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Ionarts in Santa Fe: Further Thoughts on 'Don Giovanni'

Leah Crocetto (Donna Anna) in Don Giovanni (Photo © Ken Howard for Santa Fe Opera, 2016)

Charles T. Downey, Santa Fe Opera, part 2: the 60th anniversary’s big-ticket items
Washington Post, August 4

available at Amazon
Mozart, Don Giovanni, J. Weisser, L. Regazzo, A. Pendatchanska, Freiburger Barockorchester, R. Jacobs
(Harmonia Mundi, 2007)
In Strauss's "Capriccio," heard last week at Santa Fe Opera, the Countess settles on Gluck as setting the highest standard for opera. If only Santa Fe Opera had heeded her advice and replaced its annual Mozart opera with one by Gluck, as I suggested to Charles MacKay a few years ago. Mozart may be a staple at Santa Fe Opera, but Mozart is rarely the highlight of any season here. For the last truly extraordinary Mozart production at Santa Fe Opera, you would have to go back to "Lucio Silla" in 2005. This year's "Don Giovanni," last heard here in 2009, had that same feeling of routine Santa Fe Opera Mozart, mostly pleasant but with some inevitable disappointment. A nice staging of Gluck's "Iphigénie en Aulide" would have been just the thing to lift the season into something extraordinary.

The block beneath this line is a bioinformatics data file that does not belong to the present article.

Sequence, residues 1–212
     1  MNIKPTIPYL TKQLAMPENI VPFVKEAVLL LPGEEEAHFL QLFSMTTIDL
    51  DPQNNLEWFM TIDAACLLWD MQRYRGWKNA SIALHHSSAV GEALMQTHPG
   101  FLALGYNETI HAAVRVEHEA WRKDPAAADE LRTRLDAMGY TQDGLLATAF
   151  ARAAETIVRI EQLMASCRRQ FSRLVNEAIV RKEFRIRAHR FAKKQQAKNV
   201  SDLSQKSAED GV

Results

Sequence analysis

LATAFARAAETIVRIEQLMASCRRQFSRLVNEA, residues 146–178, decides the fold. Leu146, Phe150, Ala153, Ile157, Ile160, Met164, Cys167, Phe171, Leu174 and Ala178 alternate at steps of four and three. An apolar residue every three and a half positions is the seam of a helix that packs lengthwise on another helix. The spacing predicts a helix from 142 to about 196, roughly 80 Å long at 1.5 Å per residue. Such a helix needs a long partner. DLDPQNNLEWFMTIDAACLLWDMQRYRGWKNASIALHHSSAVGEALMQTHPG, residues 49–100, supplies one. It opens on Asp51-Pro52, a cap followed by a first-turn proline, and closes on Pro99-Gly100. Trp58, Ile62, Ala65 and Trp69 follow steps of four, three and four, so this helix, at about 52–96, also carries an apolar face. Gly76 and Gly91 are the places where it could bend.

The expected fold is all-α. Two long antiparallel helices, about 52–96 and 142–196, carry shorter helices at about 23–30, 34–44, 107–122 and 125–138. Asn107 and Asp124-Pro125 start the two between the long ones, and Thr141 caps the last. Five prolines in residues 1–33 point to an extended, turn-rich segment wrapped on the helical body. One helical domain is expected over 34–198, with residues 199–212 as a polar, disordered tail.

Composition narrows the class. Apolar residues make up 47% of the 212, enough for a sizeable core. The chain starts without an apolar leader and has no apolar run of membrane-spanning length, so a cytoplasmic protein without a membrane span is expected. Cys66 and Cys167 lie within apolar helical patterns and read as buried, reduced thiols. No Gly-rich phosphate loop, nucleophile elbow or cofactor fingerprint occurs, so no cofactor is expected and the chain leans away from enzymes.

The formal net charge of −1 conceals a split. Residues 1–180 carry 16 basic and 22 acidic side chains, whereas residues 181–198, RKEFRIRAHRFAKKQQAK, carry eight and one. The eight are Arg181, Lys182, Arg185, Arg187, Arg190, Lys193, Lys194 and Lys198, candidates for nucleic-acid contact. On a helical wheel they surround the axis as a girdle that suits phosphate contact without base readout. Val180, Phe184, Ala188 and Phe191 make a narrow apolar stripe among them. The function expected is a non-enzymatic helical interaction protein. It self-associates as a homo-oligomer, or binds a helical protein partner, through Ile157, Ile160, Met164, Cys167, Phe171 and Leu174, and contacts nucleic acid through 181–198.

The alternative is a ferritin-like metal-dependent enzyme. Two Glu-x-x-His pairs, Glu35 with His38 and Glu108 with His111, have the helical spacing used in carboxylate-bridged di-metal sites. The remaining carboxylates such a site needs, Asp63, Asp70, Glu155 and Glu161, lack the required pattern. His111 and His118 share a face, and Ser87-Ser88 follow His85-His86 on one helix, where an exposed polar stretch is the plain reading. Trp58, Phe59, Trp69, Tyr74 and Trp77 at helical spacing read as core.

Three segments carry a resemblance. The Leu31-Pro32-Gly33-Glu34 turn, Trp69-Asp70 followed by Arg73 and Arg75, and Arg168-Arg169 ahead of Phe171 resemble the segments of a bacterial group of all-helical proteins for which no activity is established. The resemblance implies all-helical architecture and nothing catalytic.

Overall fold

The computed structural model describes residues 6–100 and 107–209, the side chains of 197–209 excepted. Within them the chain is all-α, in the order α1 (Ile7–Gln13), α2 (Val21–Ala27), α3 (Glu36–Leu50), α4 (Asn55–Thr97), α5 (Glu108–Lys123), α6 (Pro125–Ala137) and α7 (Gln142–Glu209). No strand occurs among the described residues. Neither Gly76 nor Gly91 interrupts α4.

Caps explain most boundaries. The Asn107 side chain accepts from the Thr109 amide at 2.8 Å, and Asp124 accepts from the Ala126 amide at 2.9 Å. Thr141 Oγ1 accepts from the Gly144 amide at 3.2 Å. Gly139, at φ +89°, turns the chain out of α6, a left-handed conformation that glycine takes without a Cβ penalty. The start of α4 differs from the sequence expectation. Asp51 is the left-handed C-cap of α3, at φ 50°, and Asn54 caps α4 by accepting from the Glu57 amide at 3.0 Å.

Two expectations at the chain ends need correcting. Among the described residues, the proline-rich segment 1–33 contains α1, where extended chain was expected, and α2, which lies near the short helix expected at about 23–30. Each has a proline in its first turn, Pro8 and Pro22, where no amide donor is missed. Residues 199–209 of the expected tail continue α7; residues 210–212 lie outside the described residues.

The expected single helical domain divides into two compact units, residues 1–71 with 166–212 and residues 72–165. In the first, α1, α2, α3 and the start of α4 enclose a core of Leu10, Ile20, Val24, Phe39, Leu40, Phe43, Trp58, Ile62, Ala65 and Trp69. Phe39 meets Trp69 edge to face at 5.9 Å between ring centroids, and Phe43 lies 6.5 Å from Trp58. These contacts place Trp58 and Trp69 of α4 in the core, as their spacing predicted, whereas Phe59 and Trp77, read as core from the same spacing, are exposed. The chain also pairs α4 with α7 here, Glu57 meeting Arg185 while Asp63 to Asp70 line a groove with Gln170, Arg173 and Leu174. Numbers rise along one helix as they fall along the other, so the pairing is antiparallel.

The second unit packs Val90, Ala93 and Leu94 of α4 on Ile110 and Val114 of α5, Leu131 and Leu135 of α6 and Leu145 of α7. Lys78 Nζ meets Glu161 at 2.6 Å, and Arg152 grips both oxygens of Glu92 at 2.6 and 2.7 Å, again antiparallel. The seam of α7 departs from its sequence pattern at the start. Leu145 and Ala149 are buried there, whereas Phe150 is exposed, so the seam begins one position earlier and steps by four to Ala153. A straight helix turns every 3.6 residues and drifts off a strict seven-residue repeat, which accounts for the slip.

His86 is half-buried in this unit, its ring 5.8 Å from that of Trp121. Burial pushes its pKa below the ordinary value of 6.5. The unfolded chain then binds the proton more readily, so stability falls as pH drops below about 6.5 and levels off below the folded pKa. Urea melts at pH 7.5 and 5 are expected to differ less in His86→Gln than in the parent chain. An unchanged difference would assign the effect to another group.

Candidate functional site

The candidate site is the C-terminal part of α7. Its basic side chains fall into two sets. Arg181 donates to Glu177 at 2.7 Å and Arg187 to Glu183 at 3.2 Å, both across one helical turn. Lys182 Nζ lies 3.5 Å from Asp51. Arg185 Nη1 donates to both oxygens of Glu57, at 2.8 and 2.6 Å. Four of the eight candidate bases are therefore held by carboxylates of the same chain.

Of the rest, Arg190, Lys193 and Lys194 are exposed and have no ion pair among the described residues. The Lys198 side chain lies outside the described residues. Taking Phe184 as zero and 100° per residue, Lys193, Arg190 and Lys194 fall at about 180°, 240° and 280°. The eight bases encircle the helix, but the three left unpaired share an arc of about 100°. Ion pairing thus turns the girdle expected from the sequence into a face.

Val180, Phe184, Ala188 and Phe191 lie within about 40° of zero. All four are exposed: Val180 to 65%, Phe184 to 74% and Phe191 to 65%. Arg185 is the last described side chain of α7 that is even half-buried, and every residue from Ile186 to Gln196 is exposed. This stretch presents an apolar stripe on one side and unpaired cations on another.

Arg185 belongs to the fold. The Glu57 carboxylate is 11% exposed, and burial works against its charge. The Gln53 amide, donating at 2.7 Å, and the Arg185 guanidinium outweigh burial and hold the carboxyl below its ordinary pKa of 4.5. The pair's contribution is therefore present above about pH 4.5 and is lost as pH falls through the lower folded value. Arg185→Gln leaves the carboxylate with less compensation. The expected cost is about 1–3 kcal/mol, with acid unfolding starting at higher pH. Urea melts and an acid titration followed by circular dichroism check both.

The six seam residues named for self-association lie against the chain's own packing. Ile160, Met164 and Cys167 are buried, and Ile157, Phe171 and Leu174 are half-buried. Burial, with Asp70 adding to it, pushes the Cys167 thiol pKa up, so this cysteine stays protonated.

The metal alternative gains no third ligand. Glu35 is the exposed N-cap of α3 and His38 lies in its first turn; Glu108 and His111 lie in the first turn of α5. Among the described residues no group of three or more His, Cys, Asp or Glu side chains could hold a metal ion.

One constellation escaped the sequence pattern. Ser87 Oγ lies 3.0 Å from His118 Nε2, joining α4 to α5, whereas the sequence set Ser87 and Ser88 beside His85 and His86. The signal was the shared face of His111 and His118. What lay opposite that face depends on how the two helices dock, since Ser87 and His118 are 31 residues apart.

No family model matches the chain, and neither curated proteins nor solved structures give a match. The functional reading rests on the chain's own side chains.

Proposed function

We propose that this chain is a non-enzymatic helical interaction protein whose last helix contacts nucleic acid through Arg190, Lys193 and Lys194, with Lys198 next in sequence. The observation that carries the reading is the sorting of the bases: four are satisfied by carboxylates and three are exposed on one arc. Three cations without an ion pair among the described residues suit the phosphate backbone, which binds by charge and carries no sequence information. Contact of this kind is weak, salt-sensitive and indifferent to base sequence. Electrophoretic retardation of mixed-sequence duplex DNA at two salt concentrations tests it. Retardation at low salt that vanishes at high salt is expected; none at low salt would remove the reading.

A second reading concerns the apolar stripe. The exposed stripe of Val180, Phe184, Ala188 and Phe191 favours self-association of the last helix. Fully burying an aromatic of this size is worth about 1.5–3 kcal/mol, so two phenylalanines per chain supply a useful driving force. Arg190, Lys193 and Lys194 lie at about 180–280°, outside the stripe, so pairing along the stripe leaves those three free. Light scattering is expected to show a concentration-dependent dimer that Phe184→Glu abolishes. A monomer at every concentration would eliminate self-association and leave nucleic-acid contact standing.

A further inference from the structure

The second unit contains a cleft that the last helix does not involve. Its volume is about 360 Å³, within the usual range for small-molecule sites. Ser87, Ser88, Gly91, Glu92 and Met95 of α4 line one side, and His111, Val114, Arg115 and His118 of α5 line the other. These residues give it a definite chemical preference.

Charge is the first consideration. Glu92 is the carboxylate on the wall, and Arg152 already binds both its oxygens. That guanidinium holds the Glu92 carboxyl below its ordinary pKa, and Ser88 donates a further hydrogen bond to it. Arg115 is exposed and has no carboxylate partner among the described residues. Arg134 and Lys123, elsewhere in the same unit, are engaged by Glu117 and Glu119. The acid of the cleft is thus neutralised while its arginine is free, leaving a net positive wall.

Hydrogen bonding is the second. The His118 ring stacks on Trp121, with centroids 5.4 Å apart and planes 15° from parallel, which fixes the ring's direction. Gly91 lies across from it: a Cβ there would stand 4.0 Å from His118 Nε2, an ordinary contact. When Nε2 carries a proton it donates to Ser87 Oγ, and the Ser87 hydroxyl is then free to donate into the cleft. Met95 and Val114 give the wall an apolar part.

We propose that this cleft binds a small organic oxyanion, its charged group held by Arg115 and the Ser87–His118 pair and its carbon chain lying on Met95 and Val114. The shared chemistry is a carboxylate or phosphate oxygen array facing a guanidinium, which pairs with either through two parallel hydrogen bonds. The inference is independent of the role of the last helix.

The piece came to life a bit more in the recitatives, when Glenn Lewis took over on the fortepiano, seated at the left corner of the pit so he could see and interact with the singers. The superlative recording led by René Jacobs showed how the fortepiano, played with improvisational fancy, can enliven the recitatives in this opera. Lewis was not quite on the level of that recording, but he worked in witty allusions to other arias, for example, when some characters were mentioned.

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